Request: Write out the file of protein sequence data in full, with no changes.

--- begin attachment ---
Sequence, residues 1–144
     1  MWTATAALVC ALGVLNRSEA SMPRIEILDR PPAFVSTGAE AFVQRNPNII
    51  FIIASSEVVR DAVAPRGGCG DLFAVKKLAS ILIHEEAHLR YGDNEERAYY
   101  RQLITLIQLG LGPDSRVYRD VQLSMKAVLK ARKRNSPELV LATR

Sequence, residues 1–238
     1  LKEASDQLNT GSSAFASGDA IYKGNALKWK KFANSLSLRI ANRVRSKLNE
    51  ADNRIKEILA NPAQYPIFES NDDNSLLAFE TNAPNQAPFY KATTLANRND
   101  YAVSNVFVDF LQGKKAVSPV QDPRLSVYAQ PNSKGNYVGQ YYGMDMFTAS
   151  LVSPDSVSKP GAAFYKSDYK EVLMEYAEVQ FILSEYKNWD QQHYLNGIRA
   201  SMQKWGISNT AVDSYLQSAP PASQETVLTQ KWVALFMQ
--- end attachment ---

Sequence, residues 1–144
     1  MWTATAALVC ALGVLNRSEA SMPRIEILDR PPAFVSTGAE AFVQRNPNII
    51  FIIASSEVVR DAVAPRGGCG DLFAVKKLAS ILIHEEAHLR YGDNEERAYY
   101  RQLITLIQLG LGPDSRVYRD VQLSMKAVLK ARKRNSPELV LATR

Sequence, residues 1–238
     1  LKEASDQLNT GSSAFASGDA IYKGNALKWK KFANSLSLRI ANRVRSKLNE
    51  ADNRIKEILA NPAQYPIFES NDDNSLLAFE TNAPNQAPFY KATTLANRND
   101  YAVSNVFVDF LQGKKAVSPV QDPRLSVYAQ PNSKGNYVGQ YYGMDMFTAS
   151  LVSPDSVSKP GAAFYKSDYK EVLMEYAEVQ FILSEYKNWD QQHYLNGIRA
   201  SMQKWGISNT AVDSYLQSAP PASQETVLTQ KWVALFMQ